Kerbal Space Program: Starting Out

This week, I started playing a PC game I’ve had my eye on for a while: Kerbal Space Program. This game involves building rockets and aircraft, which are generally limited by realistic laws of physics, and piloted by little green beings called Kerbals; with the right setup, you can launch your rockets into space, and even visit moons and other planets. To me, it sounded like the perfect game. By the time I was able to play it, I’d already watched a number of YouTube videos on KSP, by experienced players like Scott Manley, and I hoped I’d be able to take something away from those. But it didn’t take long to realise that I’m going to need a lot of practice to be even halfway competent at this game: I’ve made quite a few mistakes already.

The main part of the game is Career Mode, where you have a limited amount of money, and launch missions to fulfill specific contracts and unlock new parts. But after completing some of the Training videos, I thought I’d be better off starting in the Sandbox, where all parts are available and money is not a factor. Deciding to try a sub-orbital launch first, I built a little rocket which I dubbed the Kestrel. With the intrepid Jebediah Kerman seated inside the capsule, the rocket was transferred to the launchpad, and…ignition!

The Kestrel lifted off successfully and began maintaining a straight course upwards. It didn’t seem to be climbing as fast as I’d hoped, but by the time the rocket ran out of fuel, I found that it had built enough momentum to climb to an altitude of about 400 kilometres! (Space begins at 70 kilometres in KSP.) Brilliant…or was it? I had tried to steer the rocket sideways a little during launch, but clearly this had not been sufficient, and the capsule was now going to come down very steep and very fast. And with no fuel left, there was nothing I could do about it.

As Jebediah’s capsule commenced its alarmingly fast plunge back into the atmosphere and I jettisoned the spent booster, I also realised that I had neglected to add a heat shield. With flames beginning to surround the capsule, I hoped that just maybe, it would survive anyway. The G-force meter started climbing to levels I really didn’t want to see – then, at about 15 Gs, there was a bang. The capsule exploded, and Jebediah with it. Damn.

Well, I would just have to learn from my errors. Aside from adding a heat shield, I kept the Kestrel as it was for the next flight, but made sure to follow a shallower flight profile. This time, Valentina Kerman was fortunate enough to get into space, and return home to tell about it. Hooray!

Now to try for a rocket capable of reaching orbit. I put together a two-stage booster, with two solid rocket boosters at the bottom; I named it The Beast, which was what my high school chemistry teacher called his favourite Bunsen burner. Valentina was in the pilot’s seat again for launch, but the Beast’s ascent was nowhere near as smooth as the Kestrel’s. It rolled and veered north, and after the SRBs were jettisoned, the first stage fought my attempts to correct the flight path. Once the second stage was firing, I was able to get the craft back on an eastern trajectory, but probably wasted a lot of fuel in the process. Once the fuel ran out, the capsule was certainly not going to reach orbit, but Valentina did come back down without any problems.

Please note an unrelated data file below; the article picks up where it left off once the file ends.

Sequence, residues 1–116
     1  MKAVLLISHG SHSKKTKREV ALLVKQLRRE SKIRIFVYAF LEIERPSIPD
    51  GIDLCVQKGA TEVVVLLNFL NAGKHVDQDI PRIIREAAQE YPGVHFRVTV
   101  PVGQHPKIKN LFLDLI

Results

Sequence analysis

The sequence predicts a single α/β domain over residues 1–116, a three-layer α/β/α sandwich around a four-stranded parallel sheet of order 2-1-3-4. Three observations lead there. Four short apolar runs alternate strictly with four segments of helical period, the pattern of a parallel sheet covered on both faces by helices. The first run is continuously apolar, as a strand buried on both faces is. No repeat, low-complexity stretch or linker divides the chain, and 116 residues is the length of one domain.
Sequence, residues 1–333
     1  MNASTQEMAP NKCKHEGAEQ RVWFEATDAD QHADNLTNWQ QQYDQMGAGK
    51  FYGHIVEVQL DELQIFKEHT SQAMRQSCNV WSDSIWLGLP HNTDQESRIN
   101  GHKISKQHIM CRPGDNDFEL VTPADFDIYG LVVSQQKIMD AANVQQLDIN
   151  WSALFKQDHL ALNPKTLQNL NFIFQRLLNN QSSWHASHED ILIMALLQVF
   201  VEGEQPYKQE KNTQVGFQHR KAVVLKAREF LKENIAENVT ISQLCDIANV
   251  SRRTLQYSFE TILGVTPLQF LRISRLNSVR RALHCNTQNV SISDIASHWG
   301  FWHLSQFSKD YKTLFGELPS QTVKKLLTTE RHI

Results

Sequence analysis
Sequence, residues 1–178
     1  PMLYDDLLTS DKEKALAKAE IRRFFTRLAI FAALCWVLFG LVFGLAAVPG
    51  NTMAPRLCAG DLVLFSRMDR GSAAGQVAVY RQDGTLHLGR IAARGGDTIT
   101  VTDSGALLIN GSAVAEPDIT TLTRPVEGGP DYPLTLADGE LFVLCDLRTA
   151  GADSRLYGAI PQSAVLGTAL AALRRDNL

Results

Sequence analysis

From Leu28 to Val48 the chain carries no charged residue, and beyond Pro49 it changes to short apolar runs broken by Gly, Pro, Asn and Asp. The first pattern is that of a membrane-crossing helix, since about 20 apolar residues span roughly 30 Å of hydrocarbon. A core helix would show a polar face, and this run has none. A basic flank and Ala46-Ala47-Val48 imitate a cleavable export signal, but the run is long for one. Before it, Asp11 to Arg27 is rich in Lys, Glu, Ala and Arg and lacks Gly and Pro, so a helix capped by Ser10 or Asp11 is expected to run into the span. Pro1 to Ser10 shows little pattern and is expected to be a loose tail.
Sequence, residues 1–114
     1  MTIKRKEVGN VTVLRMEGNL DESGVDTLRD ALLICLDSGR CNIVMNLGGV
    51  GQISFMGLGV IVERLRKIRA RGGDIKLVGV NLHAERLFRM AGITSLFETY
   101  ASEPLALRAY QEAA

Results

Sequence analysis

I modified the Beast with four SRBs instead of two, and winglets for extra stability, and tried again. The winglets – and possibly the additional symmetry of the boosters – certainly prevented the lack of control I had experienced for the first launch, and as the second stage crossed the boundary into space, it looked like I might be able to make orbit. Adding a manouver to my flight path, I began firing the engine, but which would run out first: the fuel, or the prescribed time for the burn? With a sliver of fuel remaining, I shut the engine down, with a few seconds to go on the burn. I was technically in orbit – but to my disappointment, the periapsis (lowest point) was at 50 kilometres, and once the spacecraft got to that point, it was slowed by the atmosphere and could not maintain its path. Despite a little tumbling on re-entry, Bill Kerman also got back alive, having come closer to a proper orbit but still not quite there.

In the meantime, I also headed to the Hangar to try building a plane. Throwing a little one together called the Falcon 1, I transferred it to the runway and started the engine. It gave a brief sputter and then died; I hadn’t given it a jet intake. When one had been added, the plane successfully accelerated forward. I prepared to pitch up and hopefully take flight – but then the plane started veering inexplicably to the left and off the runway. I hit the brakes and started some comical attempts to get the plane back onto the runway, going back and forth like a learner driver trying a three-point turn. Then, while accelerating in a reasonably straight line, the plane went over a bump and became airborne; I retracted the landing gear and hoped for the best – but it came straight back down again, and the pilot, Valentina, perished in a fiery explosion just like Jebediah.

Since then, I have managed to get into orbit on the Sandbox – by building an absolutely massive rocket. I think I need to figure out how to get a smaller design to work before I have a real hope at Career Mode. Hopefully not too many Kerbals will have to be sacrificed along the way.

About R.J. Southworth

Hi there. I've been blogging since January 2014, and I like to talk about all sorts of things: book reviews, film reviews, writing, science, history, or sometimes just sharing miscellaneous thoughts. Thanks for visiting my blog, and I hope you find something that interests you!
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